Last year, the MTC updated its guidance on P.L. 86-272 to reflect how to apply the more than 60-year-old law to the online economy. Then in February, the California Franchise Tax Board issued a memo saying it agreed with the MTC that internet sellers, like noninternet sellers, are shielded from taxation if the only business activity in the state is the solicitation of sales of tangible personal property. And like the MTC guidance, it added in various internet activities in which the seller would not be protected by P.L. 86-272.
For example, the board said, concerning the placement of internet cookies, or identifying pieces of data on the browser of a customer, anything used only for soliciting orders of tangible personal property is shielded from taxation. But in another instance, placing cookies on the computers or devices of California customers would defeat the protections of P.L. 86-272 if the cookies gather certain customer search information.
Many taxpayers may be surprised to learn that under this guidance, they might have income tax liability in states where they have no employees, physical assets, or other traditional business presence.
Related: Is it war?
Parties Agree SCOTUS Should Settle Billboard Tax State Split - Amy Hodges, Tax Notes ($). "Lamar Advantage began when two outdoor advertising companies challenged Cincinnati’s billboard excise tax, arguing that it violates their First Amendment rights to free speech and freedom of the press. The Ohio Supreme Court agreed and enjoined the tax’s enforcement."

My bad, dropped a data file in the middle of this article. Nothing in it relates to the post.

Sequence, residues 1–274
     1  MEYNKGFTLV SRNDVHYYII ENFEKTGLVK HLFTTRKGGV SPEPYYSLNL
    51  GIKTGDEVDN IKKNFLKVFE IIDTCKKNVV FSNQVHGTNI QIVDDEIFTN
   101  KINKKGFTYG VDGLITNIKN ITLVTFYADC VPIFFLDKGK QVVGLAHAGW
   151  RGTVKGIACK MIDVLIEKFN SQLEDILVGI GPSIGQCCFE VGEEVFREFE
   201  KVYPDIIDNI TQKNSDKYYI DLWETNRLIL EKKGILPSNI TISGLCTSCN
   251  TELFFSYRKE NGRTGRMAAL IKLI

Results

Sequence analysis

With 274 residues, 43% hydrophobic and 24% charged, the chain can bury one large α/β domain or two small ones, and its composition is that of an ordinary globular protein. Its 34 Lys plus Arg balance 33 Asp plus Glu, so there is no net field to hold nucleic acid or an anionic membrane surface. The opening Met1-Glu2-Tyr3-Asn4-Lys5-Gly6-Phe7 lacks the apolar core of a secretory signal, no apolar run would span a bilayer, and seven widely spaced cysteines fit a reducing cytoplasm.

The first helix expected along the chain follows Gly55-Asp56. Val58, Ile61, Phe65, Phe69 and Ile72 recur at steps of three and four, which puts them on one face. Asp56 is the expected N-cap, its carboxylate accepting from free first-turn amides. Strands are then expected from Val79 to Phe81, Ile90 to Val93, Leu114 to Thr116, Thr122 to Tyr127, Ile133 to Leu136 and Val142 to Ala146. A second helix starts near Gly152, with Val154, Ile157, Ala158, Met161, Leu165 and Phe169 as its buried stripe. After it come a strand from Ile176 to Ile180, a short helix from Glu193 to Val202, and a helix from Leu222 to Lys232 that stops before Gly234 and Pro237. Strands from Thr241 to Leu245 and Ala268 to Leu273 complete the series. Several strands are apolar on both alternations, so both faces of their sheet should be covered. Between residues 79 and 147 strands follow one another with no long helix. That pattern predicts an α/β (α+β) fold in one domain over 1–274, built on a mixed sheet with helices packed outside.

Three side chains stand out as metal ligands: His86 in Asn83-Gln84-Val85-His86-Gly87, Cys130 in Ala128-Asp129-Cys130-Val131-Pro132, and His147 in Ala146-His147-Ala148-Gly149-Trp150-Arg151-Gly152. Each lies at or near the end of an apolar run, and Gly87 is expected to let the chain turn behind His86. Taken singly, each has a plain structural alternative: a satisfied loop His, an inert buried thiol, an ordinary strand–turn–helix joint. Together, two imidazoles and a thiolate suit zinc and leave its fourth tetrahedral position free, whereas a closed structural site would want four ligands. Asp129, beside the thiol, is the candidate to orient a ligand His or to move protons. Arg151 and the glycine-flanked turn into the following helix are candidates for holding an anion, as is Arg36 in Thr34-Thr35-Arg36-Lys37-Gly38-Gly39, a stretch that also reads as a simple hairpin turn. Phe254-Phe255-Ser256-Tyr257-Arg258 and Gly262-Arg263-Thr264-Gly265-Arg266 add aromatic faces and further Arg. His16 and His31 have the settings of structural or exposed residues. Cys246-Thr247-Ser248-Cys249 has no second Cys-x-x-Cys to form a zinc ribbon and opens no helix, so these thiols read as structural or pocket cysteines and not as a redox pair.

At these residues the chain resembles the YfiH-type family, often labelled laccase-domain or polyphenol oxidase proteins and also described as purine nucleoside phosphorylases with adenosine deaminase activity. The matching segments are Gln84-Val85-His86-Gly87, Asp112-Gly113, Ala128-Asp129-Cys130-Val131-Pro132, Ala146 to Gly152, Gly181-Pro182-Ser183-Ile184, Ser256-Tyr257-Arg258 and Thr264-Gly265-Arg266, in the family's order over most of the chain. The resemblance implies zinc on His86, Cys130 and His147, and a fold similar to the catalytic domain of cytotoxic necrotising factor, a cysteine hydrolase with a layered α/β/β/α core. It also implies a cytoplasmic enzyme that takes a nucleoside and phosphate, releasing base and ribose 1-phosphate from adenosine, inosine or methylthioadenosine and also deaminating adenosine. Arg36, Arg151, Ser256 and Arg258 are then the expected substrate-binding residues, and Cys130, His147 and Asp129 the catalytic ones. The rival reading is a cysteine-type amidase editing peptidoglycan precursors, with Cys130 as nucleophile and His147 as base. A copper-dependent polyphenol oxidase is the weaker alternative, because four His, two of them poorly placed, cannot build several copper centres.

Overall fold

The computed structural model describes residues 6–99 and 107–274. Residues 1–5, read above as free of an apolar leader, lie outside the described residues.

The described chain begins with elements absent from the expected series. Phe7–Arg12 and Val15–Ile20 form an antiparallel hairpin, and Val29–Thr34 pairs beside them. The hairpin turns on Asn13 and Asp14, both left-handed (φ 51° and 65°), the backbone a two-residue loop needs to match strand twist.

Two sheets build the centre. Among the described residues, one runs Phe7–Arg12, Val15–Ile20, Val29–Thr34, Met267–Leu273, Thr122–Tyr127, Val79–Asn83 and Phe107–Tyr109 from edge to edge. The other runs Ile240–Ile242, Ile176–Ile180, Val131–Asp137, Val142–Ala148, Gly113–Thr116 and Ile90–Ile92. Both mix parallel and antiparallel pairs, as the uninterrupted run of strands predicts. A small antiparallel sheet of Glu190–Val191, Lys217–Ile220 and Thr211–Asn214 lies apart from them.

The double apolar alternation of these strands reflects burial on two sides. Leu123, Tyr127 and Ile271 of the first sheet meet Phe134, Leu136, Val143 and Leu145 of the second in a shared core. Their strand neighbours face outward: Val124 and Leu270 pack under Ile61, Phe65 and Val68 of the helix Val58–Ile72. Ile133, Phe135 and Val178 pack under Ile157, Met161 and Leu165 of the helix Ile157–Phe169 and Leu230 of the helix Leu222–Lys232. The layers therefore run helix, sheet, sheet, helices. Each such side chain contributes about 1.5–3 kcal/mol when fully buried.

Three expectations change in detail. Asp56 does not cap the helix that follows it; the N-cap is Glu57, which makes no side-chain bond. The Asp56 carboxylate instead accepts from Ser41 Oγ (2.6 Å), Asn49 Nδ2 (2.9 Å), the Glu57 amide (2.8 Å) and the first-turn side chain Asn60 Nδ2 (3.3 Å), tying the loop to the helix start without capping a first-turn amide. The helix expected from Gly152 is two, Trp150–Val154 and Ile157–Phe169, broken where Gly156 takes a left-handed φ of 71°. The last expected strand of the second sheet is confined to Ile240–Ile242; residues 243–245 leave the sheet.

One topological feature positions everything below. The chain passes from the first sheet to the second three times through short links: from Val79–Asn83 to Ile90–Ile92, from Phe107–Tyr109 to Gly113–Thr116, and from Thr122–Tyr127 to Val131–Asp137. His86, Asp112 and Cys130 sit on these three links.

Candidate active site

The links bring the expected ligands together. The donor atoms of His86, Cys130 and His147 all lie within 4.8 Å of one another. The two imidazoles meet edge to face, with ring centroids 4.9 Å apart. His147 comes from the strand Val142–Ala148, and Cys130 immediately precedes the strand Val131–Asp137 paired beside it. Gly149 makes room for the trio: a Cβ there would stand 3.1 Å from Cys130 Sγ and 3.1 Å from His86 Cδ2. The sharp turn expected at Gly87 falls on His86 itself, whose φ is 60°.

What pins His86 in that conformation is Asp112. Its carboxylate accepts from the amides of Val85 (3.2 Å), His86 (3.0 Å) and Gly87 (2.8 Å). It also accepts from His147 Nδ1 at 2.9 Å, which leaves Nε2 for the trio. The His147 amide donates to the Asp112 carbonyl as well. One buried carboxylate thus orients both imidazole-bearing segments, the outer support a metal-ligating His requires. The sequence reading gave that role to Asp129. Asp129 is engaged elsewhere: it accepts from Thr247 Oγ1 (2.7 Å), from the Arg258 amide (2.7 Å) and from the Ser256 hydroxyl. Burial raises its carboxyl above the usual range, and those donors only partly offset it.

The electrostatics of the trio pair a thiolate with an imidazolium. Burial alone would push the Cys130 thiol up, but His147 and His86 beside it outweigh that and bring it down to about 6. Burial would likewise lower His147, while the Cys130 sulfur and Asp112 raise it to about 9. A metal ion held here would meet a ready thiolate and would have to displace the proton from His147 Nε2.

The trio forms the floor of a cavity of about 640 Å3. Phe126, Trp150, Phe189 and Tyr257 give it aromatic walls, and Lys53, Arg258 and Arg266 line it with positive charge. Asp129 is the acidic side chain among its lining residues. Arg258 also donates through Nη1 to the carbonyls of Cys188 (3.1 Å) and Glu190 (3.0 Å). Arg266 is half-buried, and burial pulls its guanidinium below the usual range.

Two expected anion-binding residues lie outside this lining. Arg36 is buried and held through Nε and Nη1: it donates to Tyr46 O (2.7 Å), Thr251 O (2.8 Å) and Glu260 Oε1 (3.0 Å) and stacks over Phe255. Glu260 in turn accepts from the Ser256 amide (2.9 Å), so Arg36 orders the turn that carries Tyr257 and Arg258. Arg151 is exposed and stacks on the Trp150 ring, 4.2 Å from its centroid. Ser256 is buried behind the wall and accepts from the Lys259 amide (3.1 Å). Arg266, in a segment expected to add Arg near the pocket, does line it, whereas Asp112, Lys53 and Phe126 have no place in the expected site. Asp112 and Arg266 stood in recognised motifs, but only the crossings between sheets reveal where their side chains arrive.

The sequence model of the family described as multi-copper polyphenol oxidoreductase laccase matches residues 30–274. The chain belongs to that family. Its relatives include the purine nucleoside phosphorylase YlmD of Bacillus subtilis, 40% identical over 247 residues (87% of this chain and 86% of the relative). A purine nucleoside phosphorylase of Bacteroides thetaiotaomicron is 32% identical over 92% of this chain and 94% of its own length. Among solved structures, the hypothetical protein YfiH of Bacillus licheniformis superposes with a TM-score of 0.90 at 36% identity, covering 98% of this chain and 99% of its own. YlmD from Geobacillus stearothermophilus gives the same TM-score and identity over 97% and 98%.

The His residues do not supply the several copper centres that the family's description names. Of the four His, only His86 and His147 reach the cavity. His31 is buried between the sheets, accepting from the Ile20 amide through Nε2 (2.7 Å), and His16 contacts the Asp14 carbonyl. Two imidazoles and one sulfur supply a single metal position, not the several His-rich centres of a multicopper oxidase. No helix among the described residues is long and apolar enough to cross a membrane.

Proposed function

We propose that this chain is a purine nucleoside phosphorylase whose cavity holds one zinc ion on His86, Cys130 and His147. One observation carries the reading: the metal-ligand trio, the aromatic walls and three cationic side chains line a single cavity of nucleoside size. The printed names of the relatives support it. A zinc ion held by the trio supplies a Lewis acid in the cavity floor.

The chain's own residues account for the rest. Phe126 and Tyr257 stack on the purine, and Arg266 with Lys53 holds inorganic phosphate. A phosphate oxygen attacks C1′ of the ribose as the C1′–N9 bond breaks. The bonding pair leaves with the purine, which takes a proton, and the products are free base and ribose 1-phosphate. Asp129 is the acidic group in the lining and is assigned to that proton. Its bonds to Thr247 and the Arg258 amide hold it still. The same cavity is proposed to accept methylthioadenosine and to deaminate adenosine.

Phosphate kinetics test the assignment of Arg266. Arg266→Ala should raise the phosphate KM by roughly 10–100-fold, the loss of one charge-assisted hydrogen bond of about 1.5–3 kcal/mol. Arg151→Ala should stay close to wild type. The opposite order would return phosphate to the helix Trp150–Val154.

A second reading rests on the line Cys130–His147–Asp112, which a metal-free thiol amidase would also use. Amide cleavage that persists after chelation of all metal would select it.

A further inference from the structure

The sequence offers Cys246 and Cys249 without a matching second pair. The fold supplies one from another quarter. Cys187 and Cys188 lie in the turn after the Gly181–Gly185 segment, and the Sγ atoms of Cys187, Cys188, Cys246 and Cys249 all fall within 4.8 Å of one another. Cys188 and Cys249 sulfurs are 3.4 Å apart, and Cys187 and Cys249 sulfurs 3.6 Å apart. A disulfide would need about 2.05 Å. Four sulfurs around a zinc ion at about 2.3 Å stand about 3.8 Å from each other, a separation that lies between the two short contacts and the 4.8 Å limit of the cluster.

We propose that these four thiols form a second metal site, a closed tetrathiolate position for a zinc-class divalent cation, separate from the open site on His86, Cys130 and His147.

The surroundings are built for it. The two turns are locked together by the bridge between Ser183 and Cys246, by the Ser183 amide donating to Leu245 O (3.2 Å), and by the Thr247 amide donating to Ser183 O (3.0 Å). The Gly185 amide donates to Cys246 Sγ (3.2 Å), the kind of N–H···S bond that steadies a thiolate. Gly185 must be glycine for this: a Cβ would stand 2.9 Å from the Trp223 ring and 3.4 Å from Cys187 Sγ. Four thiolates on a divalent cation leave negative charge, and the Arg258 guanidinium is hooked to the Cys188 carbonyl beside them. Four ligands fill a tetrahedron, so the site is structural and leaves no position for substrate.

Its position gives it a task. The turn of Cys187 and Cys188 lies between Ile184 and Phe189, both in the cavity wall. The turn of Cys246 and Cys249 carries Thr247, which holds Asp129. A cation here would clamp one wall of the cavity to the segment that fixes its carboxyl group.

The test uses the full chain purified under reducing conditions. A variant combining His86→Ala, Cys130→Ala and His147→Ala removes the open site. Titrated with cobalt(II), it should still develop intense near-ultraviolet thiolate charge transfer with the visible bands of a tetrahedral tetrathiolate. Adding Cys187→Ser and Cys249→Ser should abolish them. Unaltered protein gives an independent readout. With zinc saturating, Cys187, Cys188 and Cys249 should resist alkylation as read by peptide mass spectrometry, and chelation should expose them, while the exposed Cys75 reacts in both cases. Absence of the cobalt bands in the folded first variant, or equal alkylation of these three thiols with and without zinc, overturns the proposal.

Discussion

With Boost in Funding, IRS Plans Hiring Spree to Tackle Backlog - Kelly Phillips Erb, Bloomberg. "On March 9, 2022, the Treasury Inspector General for Tax Administration released a report on the IRS’s 2021 filing season. They noted that 'Inventory backlogs from the 2020 Filing Season continued to affect the IRS’s ability to provide timely service to taxpayers in the 2021 Filing Season.'"
The Mess At The IRS - Janet Novack, Forbes. "Nina E. Olson, a tax lawyer and the founder and executive director of the Center for Taxpayer Rights, describes the current problems at the IRS as the worst she’s ever seen—and she’s seen a lot. From 2001 to 2019, she served as the IRS’ National Taxpayer Advocate—an independent voice within the agency charged with helping individual taxpayers and making recommendations to Congress for change."
Estimated Tax Penalty Relief Applies to All Qualifying Farmers - Kristine Tidgren, Ag Docket. "On March 15, 2022, IRS announced in Notice 2022-12 that it would waive the estimated tax payment penalty for any 'qualifying farmer' who files their return and pays their taxes in full by April 18, 2022 (April 19, 2022 for taxpayers in Maine or Massachusetts)."
Russian oligarchs are target of global REPO effort, Kleptocracy whistleblower program - Kay Bell, Don't Mess With Taxes. "FinCEN will also release an alert for financial institutions about the importance of identifying and reporting suspicious transactions by sanctioned Russian elites, oligarchs, and their proxies that involve real estate, luxury goods, and high-value assets."